Only a quick post this week. Last time we looked at SpriteKit and how to add some particle emmiters to simulate a star-field and exhaust on a spaceship, this time lets look at adding some touch based input to move the spaceship around.
The first thing we need to do is add a type of gesture recogniser, there are various built in gestures:
From the names above it’s pretty easy to get a feel for how they should be used, you can create your own subclass of
UIGestureRecognizer if you need a custom one.
Gesture recognizers come in two types continuous and discrete. A discrete gesture is single action like tap or double tap and results in a single action been sent. A continuous gesture is like pan, swipe, or rotate which is interpreted as a series of messages being sent.
For our purposes we are going to be using the
UIPanGestureRecognizer which is a continuous gesture. What we need to do is create a function that sets up the
UIPanGestureRecognizer ready for us to use. We do that by creating an instance of the
UIPanGestureRecognizer and add it to our view:
let setupGestures() = use panRecogniser = new UIPanGestureRecognizer(x, MonoTouch.ObjCRuntime.Selector("PanSelector")) x.View.AddGestureRecognizer(panRecogniser)
Here we are also using a selector, which means we can use an attribute like
[<Export("PanSelector")>] to define the function that will be used as the callback. Lets define that function now:
let OnLabelPan( sender: UIGestureRecognizer) = match sender with | :? UIPanGestureRecognizer as pan -> match pan.State with | UIGestureRecognizerState.Changed -> let movement = pan.TranslationInView(x.View) let move = SKAction.MoveBy(movement.X * 1.75f, -movement.Y * 1.75f, 0.05) let ship = scene.GetChildNode("Ship") ship.RunAction(move) pan.SetTranslation(PointF.Empty, x.View) | _ -> () | _ -> ()
First of all we use pattern matching to do a type match
| :? UIPanGestureRecognizer as pan ->. This ensures we are dealing with the
UIPanGestureRecognizer type. We might of applied multiple gesture recognisers to the view like swipe and rotate and had this function deal with all of them, we can handle this nicely with the type match.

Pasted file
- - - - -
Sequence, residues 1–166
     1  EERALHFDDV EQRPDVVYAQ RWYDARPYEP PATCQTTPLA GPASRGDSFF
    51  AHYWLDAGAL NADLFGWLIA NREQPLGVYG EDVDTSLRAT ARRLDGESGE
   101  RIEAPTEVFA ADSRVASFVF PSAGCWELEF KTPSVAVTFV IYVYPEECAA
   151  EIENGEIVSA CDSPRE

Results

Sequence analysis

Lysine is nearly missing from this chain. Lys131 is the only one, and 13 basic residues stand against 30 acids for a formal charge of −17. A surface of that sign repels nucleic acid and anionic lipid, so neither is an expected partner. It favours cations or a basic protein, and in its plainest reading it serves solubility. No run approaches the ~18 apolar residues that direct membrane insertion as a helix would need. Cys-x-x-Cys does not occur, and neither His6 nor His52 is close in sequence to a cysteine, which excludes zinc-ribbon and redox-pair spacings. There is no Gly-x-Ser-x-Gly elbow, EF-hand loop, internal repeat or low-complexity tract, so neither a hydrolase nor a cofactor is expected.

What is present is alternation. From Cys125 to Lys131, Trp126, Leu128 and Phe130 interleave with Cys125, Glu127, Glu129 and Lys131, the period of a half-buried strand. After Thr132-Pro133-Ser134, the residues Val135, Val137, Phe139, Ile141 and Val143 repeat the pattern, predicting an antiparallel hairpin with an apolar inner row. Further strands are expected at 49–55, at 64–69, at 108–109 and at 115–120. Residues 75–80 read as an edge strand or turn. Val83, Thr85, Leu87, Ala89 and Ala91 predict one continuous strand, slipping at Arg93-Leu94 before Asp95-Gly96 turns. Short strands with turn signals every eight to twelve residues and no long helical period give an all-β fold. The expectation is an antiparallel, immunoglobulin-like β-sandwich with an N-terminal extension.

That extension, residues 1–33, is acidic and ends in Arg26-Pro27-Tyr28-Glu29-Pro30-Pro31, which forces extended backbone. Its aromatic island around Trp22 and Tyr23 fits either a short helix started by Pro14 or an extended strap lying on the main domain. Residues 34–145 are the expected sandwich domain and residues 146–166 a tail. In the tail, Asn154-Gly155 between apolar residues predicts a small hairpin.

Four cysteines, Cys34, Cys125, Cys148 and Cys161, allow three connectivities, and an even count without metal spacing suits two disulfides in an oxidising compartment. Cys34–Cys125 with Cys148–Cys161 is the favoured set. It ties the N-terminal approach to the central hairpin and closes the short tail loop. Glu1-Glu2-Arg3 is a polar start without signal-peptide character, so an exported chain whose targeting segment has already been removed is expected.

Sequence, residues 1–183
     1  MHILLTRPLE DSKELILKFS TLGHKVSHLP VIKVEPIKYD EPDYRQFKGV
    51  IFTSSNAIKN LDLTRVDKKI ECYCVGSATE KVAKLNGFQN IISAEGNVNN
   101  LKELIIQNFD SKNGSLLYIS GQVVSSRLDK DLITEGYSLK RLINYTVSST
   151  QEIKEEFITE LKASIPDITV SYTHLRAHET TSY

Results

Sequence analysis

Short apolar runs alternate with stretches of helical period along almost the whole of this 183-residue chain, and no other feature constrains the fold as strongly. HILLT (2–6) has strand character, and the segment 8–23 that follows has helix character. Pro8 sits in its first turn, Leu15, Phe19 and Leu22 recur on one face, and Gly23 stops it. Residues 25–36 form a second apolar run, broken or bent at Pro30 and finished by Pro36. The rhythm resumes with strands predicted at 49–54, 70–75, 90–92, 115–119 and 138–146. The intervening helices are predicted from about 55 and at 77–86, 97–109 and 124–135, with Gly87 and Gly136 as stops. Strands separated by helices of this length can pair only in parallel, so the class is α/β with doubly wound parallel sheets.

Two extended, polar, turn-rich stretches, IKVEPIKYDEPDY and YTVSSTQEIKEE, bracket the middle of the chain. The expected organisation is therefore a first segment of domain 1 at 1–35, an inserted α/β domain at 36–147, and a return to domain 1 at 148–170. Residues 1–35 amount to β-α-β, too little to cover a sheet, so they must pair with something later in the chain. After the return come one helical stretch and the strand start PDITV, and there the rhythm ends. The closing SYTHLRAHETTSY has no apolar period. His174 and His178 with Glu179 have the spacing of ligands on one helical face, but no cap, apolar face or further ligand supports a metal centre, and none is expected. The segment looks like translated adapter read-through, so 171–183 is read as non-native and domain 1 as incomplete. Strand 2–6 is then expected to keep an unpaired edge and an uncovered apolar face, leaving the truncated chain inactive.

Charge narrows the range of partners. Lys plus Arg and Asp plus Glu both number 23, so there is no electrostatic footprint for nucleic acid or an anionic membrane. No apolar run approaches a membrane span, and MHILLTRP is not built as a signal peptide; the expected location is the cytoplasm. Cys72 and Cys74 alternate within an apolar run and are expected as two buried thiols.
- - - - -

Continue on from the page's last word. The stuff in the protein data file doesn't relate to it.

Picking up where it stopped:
We can now use a pattern match on the state of the gesture recogniser to react to just the changed event
As mentioned previously the pan gesture is continuous and will send a changed action whenever the finger moves on the screen, this gives us a chance to retrieve the current translation of the pan in the current view. We do this by calling
pan.TranslationInView(x.View). We can now apply a movement to our spaceship sprite by creating an action using
SKAction.MoveBy. We multiply the translation retrieved by 1.75 to allow for the initial distance the the pan gesture moves before triggering. We also invert the Y axis so that the spaceship sprite moves in the correct Y direction. The final parameter is the time the action runs for, we use a really small time of 0.05 (50ms). This stops the spaceship sprite from moving like an ordinary mouse pointer, just enough inertia to make it feel smooth.
To apply the action to the spaceship all we need to do is retrieve it from the scene using
scene.GetChildNode and call the
RunAction function passing in the action we just created.
Finally we set the pan translation back to zero using:
pan.SetTranslation(PointF.Empty, x.View), this ensures that the spaceship only moves by last changed translation action. Failure to reset the translation would result in the spaceship having too much inertia from the previous actions making it very difficult to control.
We could also use another overload of
UIPanGestureRecognizer which takes an
Action<UIPanGestureRecognizer>, we can pass this in as a lambda function:
let setupGestures() = use panRecogniser = new UIPanGestureRecognizer (fun (pan:UIPanGestureRecognizer) -> match pan.State with | UIGestureRecognizerState.Changed -> let movement = pan.TranslationInView(x.View) let move = SKAction.MoveBy(movement.X * 1.75f, -movement.Y * 1.75f, 0.05) let ship = scene.GetChildNode("Ship") ship.RunAction(move) pan.SetTranslation(PointF.Empty, x.View) | _ -> ())
I think the attribute based version is a little cleaner as you can move the callback functionality away from the definition. To be honest I don’t mind either way, although if the lambda definition gets too big you will definitely be better off with the former.
Finally we need to plug in the
setupGestures function, we do that by calling it at the end of
override x.ViewDidLoad () = base.ViewDidLoad() setupScene() setupGestures()
Here’s a quick YouTube video so you can see this in action:
If you want to check out the project then you can find it in my GitHub repo .
That’s all for now, see you next time!